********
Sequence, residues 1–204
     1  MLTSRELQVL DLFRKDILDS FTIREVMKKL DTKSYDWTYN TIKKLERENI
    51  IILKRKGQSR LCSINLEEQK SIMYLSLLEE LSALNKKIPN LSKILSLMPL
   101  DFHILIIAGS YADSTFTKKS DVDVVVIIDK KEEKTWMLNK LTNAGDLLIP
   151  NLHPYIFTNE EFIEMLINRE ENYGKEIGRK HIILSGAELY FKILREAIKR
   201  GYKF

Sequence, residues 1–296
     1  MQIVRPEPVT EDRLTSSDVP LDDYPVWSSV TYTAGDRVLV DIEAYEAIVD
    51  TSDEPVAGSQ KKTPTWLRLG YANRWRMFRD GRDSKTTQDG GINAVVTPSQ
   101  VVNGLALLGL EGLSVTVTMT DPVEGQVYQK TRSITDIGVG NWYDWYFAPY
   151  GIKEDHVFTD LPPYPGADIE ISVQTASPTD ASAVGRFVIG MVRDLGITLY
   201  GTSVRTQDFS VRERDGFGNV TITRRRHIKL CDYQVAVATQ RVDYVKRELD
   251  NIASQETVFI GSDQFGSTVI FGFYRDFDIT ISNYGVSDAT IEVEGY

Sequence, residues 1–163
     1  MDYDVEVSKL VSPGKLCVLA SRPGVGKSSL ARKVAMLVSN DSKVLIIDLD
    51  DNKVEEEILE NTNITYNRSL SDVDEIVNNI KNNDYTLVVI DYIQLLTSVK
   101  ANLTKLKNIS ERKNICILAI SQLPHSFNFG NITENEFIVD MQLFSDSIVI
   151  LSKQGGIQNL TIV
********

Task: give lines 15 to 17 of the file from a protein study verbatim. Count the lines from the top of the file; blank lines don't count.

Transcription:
     1  MDYDVEVSKL VSPGKLCVLA SRPGVGKSSL ARKVAMLVSN DSKVLIIDLD
    51  DNKVEEEILE NTNITYNRSL SDVDEIVNNI KNNDYTLVVI DYIQLLTSVK
   101  ANLTKLKNIS ERKNICILAI SQLPHSFNFG NITENEFIVD MQLFSDSIVI